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#5
(02-25-2019, 12:05 AM)Mustangmike Wrote: Hey Mike,

I do recommend dumping fluids after 500 miles or so on any fresh rebuild whether it is a engine, transmission, or differential to flush out any break in particles from new parts.

So how do you change the differential oil?  My 9" rear axle does not have a drain plug.
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#6
(02-26-2019, 05:33 AM)1969_Mach1 Wrote:
(02-25-2019, 12:05 AM)Mustangmike Wrote: Hey Mike,

I do recommend dumping fluids after 500 miles or so on any fresh rebuild whether it is a engine, transmission, or differential to flush out any break in particles from new parts.

So how do you change the differential oil?  My 9" rear axle does not have a drain plug.
I am lucky with my Mustang because it has a drain plug on the bottom.  It has a 57 Fairlane housing and apparently they came with a drain plug because I did not put one in it.

As far as the Fairlane, the housing does not have a drain plug so I am just going to syphon the old oil out through the fill hole and put new oil in.  I wish had put a drain plug in it when it was out of the car.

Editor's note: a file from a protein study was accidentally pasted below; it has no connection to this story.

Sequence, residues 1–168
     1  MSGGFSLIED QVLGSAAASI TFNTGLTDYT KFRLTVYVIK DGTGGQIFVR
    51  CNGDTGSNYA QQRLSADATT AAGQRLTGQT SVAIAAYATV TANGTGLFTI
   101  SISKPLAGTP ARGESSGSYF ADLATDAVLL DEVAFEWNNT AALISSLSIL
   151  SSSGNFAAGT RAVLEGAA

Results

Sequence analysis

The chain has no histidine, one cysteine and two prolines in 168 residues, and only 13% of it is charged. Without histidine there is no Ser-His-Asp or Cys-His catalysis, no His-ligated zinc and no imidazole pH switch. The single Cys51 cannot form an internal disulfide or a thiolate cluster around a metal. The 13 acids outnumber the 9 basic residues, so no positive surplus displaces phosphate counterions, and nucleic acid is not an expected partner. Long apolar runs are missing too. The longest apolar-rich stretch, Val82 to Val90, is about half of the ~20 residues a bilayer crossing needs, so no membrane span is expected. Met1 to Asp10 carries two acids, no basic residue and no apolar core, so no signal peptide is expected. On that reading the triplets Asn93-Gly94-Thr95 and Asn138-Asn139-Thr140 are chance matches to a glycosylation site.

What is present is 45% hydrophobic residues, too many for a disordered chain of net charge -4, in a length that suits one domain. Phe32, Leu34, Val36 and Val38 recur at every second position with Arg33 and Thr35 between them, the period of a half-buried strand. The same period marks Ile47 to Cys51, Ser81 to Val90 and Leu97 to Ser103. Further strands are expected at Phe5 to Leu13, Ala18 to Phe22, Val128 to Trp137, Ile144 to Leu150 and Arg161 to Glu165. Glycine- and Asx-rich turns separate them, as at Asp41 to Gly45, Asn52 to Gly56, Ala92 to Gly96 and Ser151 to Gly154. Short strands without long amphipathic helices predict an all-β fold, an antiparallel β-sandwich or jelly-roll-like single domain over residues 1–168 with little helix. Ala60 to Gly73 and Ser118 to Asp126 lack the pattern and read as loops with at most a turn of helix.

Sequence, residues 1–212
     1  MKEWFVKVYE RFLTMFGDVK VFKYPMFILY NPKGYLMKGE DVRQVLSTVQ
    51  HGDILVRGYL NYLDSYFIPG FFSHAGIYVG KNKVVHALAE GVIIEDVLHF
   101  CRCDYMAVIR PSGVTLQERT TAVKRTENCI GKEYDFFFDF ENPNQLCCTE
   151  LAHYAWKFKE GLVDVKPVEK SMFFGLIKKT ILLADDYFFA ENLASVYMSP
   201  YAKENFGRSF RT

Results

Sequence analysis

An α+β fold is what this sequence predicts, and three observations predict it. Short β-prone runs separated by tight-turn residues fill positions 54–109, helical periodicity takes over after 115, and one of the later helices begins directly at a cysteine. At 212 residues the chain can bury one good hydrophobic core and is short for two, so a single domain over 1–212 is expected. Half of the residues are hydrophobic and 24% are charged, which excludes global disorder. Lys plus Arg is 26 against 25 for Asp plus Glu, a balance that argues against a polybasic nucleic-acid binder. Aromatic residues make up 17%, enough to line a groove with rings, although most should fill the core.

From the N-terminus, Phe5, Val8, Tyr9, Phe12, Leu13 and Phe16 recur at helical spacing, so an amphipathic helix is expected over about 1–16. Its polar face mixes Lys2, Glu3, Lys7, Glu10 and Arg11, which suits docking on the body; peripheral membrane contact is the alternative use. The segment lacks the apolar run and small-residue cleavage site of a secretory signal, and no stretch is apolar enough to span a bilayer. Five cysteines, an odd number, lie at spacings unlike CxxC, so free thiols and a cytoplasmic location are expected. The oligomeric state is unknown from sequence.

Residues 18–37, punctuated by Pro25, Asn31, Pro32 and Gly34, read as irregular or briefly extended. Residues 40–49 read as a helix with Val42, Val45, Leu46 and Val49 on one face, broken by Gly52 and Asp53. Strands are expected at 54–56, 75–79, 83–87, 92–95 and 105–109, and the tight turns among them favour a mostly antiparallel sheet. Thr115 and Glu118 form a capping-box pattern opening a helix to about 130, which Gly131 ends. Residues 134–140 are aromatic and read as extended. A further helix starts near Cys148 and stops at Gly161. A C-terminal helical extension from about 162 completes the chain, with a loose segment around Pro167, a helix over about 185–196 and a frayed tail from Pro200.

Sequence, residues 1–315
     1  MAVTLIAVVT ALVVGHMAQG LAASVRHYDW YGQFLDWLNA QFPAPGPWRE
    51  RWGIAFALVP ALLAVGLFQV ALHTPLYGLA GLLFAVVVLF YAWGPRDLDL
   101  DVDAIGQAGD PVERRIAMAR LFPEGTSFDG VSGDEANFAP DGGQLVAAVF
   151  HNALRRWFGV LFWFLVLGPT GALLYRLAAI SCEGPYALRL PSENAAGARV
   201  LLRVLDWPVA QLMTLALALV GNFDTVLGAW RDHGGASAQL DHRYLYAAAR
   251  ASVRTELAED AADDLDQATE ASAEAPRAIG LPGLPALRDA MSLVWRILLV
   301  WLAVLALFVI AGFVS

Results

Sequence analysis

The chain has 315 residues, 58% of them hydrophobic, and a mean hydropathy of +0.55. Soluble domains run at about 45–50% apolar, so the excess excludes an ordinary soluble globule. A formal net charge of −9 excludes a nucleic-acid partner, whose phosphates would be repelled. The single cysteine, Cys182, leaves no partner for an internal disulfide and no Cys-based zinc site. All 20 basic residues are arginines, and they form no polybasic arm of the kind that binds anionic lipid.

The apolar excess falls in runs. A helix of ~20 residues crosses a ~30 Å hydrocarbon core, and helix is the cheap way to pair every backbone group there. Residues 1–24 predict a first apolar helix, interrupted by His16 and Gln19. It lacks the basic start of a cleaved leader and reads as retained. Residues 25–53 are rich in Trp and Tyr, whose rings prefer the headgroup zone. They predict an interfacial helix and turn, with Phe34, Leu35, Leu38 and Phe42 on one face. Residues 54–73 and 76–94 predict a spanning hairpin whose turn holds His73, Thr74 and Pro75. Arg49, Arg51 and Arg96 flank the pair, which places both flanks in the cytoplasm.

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#7
Is there enough room to syphon through the fill hole?  I hope so because that going to be my best option as well.  The ring gear and carrier are pretty close to that fill hole.
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#8
(02-26-2019, 10:15 AM)1969_Mach1 Wrote: Is there enough room to syphon through the fill hole?  I hope so because that going to be my best option as well.  The ring gear and carrier are pretty close to that fill hole.

As long as you find a narrow enough tube you should be good.  I used one of those pumps for filling the differential and the transmissions. They work great.  The only problem is 80/90 is so thick your arm gets tired pumping.  I think most part stores sell pumps and syphoning kits. I would take your car for a nice ride and pull it right into the garage and syphon the gear lube when the differential is warm. This way the particles are less likely to be lying on the bottom of the differential and it should be easier to syphon out when the gear oil is warm.  

A lot of people criticize this method because they claim it doesn't remove the metal filings.  Let me know what new car manufacturer tells you to change your differential fluid after 500 or 1,000 miles?  There are a lot of cars out there that probably never had the differential fluid changed once.
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#9